There are times, alas, when even fish are perverse! Thoroughly out of patience, Diane presently unjointed her rod, emptied the can of worms upon the bank, and returned to camp, where she found Johnny industriously piling up a heap of litter.
"What are you going to do with these?" demanded Diane, indicating an eccentric woodland broom and a rake of forked twigs and twine. "Throw them out?"
"Well, I guess you're not!" sniffed Diane indignantly. "They're mighty convenient. That rake is really clever."
Johnny's round eyes showed his astonishment. He had heard his perverse young mistress malign these inventions of Philip's most cruelly.
Then what a woodland commotion arose after breakfast! What a cautious stamping out of fire and razing of tents! What a startled flutter of birds above and bugs below! What an excited barking on the part of Rex, who after loafing industriously for a week or so, felt called upon to sprint about and assist his mistress with a dirt-brown nose! What a trampling of horses and a creaking of wheels as the great green wagon wound slowly through the shadowy forest road and took to the open highway with Rex at His mistress's feet haughtily inspecting the wayside.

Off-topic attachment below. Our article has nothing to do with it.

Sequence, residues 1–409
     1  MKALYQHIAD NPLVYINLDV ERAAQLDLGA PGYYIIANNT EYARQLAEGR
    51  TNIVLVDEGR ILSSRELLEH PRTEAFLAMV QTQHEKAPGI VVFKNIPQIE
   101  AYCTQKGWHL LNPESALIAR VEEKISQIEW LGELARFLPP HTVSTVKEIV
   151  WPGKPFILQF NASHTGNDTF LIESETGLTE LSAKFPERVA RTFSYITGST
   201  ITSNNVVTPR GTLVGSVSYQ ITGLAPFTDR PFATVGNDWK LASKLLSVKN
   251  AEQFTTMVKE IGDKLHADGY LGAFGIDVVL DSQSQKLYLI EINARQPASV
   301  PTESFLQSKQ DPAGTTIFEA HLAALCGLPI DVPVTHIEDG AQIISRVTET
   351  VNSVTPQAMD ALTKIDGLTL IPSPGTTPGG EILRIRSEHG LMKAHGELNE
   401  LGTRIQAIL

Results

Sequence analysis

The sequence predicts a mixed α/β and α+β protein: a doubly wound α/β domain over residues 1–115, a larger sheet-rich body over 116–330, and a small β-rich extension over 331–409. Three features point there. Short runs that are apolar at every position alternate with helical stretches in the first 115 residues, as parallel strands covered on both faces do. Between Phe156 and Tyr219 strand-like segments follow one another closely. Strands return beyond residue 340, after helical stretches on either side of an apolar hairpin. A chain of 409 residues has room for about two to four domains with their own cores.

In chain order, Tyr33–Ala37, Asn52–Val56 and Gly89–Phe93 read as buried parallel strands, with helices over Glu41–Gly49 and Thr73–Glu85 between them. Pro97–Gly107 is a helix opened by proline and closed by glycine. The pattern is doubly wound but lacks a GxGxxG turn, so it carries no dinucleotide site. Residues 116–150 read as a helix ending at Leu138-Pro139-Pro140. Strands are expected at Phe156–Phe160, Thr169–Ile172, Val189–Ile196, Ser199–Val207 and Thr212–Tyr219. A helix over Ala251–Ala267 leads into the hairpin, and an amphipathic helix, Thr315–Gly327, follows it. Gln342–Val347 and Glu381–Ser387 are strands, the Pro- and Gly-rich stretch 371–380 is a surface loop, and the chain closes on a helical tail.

And what a wayside, to be sure! Past fields of young rye from which a lazy silver smoke seemed to rise and follow the wind-billowing grain; past fields of dark red clover rife with the whir and clatter of mowing machines as the farmers felled the velvety stalks for clover hay; past snug white farmhouses where perfumed peonies drooped sleepily over brick walks; on over a rustic bridge, skirting now a tiny village whose church spire loomed above the trees; now following a road which lay rough and deeply rutted, among golden fields of buttercups fringed with bunch grass.
Farmers waved and called; housewives looked and disapproved; children stared and jealous canines pettishly barked at the haughty Rex; but Johnny only chuckled and cracked his whip. Day by day the green and white caravan rumbled serenely on, camping by night in field and forest.